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selfcare ≠ #selfcare

selfcare ≠ #selfcare

Originally published in Issue 6: Lawful Bodies of Sisu Magazine 

By Samantha Romanowski | @smilingsamantha


I really dislike the term “self-care.” It’s become a buzzword. It’s trendy. The meaning has become diluted. 

Green juice. Moon juice. Massage. Facial. Retreat. Crystals. #selfcare #wellness #ugh

What does it mean to be well in 2020? What does it mean to practice “self-care"? 

Self-care is really about making conscious choices that nurture your body, mind, and spirit. It’s about loving the way that certain activities make you feel. And if you go deeper, it’s self-love. The catch? It’s a daily practice, not something you do to escape your stress or your life. 

Do you drink enough water? Are you getting enough sleep? Is there self-judgment or negative self-talk in your mental space? Do you make time for hobbies and social interaction? The small things you do to take care of your health (physical and mental) are self-care. And more importantly, it’s time to recognize that self-care is a part of your healthcare. 

Taking care of your health is a continuous process of proactively considering and tending to your needs. It’s about making the most caring choice you can make for yourself in a situation. It includes making small, sustainable changes in your life that you can commit to keeping up. It’s maintaining your physical and mental health in ways that don’t add stress to your life but are a reflection of what you actually need to be healthy and well. 

It’s vital to start considering the WHY behind the choices we make. When you take the time to reflect on why you do certain things (and how you take care of yourself), it can reveal a deeper understanding about your intentions. Do you want to be distracted? Do you need a sense of control or accomplishment? Do you desire to feel more alive or connected?

We make countless decisions during the course of a day and when you uncover why you make certain decisions, you can begin to adjust the things that don’t serve you, that don’t make you feel good, and that don’t contribute positively to your health.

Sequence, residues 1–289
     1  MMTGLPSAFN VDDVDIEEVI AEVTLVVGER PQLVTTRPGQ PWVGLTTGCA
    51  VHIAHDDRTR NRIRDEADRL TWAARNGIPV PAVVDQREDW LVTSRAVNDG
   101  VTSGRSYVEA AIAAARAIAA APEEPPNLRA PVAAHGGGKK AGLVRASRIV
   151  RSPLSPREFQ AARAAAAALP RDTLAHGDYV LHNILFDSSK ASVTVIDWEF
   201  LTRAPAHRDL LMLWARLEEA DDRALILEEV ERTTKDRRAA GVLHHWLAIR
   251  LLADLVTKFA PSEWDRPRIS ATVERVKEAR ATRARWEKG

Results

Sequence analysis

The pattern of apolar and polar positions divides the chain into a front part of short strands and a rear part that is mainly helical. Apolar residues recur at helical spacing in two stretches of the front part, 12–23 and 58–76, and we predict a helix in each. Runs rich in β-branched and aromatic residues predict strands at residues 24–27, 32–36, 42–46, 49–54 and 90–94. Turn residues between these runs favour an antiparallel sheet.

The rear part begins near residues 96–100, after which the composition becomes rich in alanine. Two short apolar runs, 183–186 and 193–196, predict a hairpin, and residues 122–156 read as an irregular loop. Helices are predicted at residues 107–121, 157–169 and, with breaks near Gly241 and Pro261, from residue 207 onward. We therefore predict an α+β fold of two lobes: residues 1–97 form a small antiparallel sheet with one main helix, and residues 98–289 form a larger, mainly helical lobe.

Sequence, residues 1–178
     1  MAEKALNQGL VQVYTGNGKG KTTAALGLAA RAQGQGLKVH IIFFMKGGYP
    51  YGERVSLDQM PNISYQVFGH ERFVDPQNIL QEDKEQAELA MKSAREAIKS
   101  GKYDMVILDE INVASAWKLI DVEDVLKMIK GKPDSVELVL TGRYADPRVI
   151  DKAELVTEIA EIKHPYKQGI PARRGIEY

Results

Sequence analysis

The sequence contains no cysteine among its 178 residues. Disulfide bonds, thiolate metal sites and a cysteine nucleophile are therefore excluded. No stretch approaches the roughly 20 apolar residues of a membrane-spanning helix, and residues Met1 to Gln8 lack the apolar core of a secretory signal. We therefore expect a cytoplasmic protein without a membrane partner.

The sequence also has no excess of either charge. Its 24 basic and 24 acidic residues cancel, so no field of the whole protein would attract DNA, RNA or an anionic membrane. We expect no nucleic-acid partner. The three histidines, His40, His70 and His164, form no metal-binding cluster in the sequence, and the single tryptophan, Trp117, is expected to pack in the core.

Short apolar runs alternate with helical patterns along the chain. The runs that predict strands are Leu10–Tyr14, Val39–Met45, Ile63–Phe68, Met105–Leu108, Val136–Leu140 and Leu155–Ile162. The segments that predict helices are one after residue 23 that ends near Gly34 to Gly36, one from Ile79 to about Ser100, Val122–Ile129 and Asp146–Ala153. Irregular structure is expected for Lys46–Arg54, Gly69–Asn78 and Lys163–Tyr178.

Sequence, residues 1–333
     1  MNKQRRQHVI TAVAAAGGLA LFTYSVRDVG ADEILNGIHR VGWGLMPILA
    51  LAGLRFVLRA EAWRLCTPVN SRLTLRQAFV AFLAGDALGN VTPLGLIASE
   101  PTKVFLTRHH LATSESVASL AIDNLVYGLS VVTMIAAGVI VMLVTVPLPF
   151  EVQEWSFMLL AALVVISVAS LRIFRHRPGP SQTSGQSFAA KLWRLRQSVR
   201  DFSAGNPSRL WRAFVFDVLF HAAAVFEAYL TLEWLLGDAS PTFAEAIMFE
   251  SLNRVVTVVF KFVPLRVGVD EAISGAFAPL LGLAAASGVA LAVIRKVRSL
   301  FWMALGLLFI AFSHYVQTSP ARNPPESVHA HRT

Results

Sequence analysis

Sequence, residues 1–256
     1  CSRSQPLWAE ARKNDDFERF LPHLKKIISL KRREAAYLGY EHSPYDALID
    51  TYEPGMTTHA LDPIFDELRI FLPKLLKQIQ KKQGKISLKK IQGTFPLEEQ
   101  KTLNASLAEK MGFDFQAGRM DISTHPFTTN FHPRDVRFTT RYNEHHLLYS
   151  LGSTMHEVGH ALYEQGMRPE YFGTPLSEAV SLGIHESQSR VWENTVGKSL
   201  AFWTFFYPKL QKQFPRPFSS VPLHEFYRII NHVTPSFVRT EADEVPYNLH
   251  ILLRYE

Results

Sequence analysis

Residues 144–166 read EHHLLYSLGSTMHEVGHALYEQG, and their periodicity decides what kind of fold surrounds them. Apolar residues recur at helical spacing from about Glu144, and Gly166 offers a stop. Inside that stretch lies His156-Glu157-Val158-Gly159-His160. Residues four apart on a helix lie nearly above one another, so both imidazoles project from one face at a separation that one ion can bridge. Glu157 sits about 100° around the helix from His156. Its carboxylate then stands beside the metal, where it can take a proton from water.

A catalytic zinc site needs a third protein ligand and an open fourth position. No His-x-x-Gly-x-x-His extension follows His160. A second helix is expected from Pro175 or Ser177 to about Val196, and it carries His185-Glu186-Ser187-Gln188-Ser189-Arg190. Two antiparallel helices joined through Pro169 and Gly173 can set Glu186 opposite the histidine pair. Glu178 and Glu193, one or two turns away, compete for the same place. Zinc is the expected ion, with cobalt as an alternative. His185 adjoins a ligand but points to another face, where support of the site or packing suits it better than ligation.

It’s essential to view our self-care practices as part of our healthcare because they give us ownership over our health. When you view the small, daily (self-care) habits you do as part of your overall healthcare, you begin to recognize that you have the opportunity to change how you feel, both physically and mentally.

Let’s be real—I’m not suggesting that you can use positive affirmations to pull you out of a funk. Or that eight hours of sleep is going to magically change your life. But maybe these are small steps that lead to larger gains that cause a real shift in the way you feel.

Reflecting on why you do certain things, then making adjustments along with setting an intention to foster self-compassion, non-judgment, and acceptance through your daily self-care practices will help you feel better. Go deeper and you’ll understand that true care for oneself is an act of self-love. 

And self-love is as fundamental to your health as food, water, and shelter. When you practice self-love, you increase your feelings of self-worth and foster growth within yourself and throughout your life. 

Author and activist Laurie Penny wrote, "The harder, duller work of self-care is about the everyday, impossible effort of getting up and getting through your life in a world that would prefer you cowed and compliant. A world whose abusive logic wants you to see no structural problems, but only problems with yourself, or with those more marginalized and vulnerable than you are. Real love, the kind that soothes and lasts, is not a feeling, but a verb, an action. It’s about what you do for another person over the course of days and weeks and years, the work put into care and cathexis. That’s the kind of love we’re terribly bad at giving ourselves, especially on the left."

So let me ask you again—what do you do for self-care? Can you begin to shift your thinking around your daily (self-care) habits? Can you think of those things you do to take care of yourself as part of your healthcare? Can you take ownership of your health?

That’s the most radical act of self-love I can think of.


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